What has become the emblem of our local reparations movement – the Chicago flag with a fifth black star added to the existing four stars – was also first exhibited in “Opening the Black Box.” Each of the four stars on the official Chicago flag symbolizes an historical event in our city’s history. The first star represents Fort Dearborn, a fort that was built by the Chicago River in 1803; the second star stands for the Great Chicago Fire of 1871; the third star symbolizes the World’s Columbian Exposition in 1893; and the fourth star represents the Century of Progress Exposition in 1933-34. With our call for speculative monuments, artist and CTJM member Carla Mayer imagined adding a fifth star to the flag to represent the decades long history of Burge torture from 1971-1992. This re-imagining of the Chicago flag with a fifth black star has since been emblazoned on hundreds of t-shirts worn by Chicagoans at countless actions supporting reparations.

Because there is power in naming, the exhibit featured a wall listing the names of all 119 known survivors hand-stenciled in graphite pencil and “Unknown” as a reminder that it was impossible to know the extent of Burge torture. Acknowledging the names of the survivors was one way to recognize their individual and collective pain. Behind every single name is a person whose life was ravaged by torture. Collectively, these names represent the systematic torture that was allowed to take place in Chicago.

Darrell Cannon's handwritten name on a wall among others that were torture survivors
The wall of names. Photo credit: CTJM

We intentionally left blank spaces for torture survivors who were living, no longer incarcerated, and willing and able to come to the exhibit to sign their own names on the wall. Four torture survivors – Darrell Cannon, Mark Clements, Anthony Holmes, Marvin Reeves and– joined us on opening night and subsequent exhibit events to sign their names. Each individual act of signing felt liberatory, symbolic of a process of remembering and renewal. As torture survivor Marvin Reeves said, “When I signed my name on that wall, that wall meant freedom.”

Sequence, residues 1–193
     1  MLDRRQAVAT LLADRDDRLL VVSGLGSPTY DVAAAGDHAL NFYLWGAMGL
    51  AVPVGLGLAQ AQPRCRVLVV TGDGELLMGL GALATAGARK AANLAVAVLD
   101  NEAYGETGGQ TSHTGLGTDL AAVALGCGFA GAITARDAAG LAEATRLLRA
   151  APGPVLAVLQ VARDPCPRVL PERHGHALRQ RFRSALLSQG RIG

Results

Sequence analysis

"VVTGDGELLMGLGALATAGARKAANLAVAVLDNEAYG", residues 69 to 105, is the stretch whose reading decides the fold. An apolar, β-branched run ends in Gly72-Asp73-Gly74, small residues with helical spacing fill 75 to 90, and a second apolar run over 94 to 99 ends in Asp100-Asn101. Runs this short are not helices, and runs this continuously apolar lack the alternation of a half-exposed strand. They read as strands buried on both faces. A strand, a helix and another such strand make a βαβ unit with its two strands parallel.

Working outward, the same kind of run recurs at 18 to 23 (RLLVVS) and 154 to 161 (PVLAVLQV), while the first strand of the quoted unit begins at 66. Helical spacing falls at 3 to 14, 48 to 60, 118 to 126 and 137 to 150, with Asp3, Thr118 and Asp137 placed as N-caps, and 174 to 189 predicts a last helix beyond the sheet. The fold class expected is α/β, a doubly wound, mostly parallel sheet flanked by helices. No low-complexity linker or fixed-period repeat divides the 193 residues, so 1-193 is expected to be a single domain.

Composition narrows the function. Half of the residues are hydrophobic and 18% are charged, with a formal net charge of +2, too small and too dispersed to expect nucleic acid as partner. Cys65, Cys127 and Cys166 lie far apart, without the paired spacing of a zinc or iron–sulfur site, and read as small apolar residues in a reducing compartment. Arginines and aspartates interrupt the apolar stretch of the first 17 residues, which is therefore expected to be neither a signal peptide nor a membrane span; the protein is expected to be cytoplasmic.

Marvin Reeves, a torture survivor, signing his name to the wall with other names.
Torture survivor Marvin Reeves signs his name to the wall. Photo credit: CTJM

“Opening the Black Box” contained power that I hadn’t fully realized when we embarked on this project. As we invited the public to join us for artist led-tours, a film festival about torture, a Writers Against Torture reading, and to meet some of the survivors in person to hear their stories, the exhibit became a space of struggle, restoration, and healing – a powerful memorial in and of itself. By asking the public to consider radical possibilities with our call for speculative memorials, “Opening the Black Box” presented a challenge for all of us to imagine new forms of what justice could like. As Black lives are being taken by police in city after city, the nation is in desperate need of new responses to the crisis of police violence. Thanks to a bold, intergenerational, multi-racial movement, reparations are one vision that we have been able to bring to fruition.

Much love and gratitude to the Chicago Torture Justice Memorials collective; all of the artists who submitted their speculative proposals; our partners – Amnesty International, Project NIA, We Charge Genocide – who helped lead the #RahmRepNow campaign for #ReparationsNow; and all who supported reparations by showing up, speaking out, donating, art-making, tweeting-teaching-and learning about Burge torture, and caring enough to act.

Read more about reparations for Burge torture survivors:

Lawyer for Chicago Torture Victims: A Model for Responding to Police Brutality by Joey Mogul
Chicago Reparations for Police Torture Victims Offer a Glimpse of the Power of #BlackLivesMatter
by Kirsten West Savali
Police Torture, Reparations and Echoes from the House of Screams
by Mariame Kaba
Chicago Creates Reparations Fund for Victims of Police Torture
by David Schaper
is a site created by Project NIA and CTJM with links to resources, articles, and curriculum about the history of Burge torture and the struggle against it.

Alice Kim is the Editor of Praxis Center and a founding member of Chicago Torture Justice Memorials.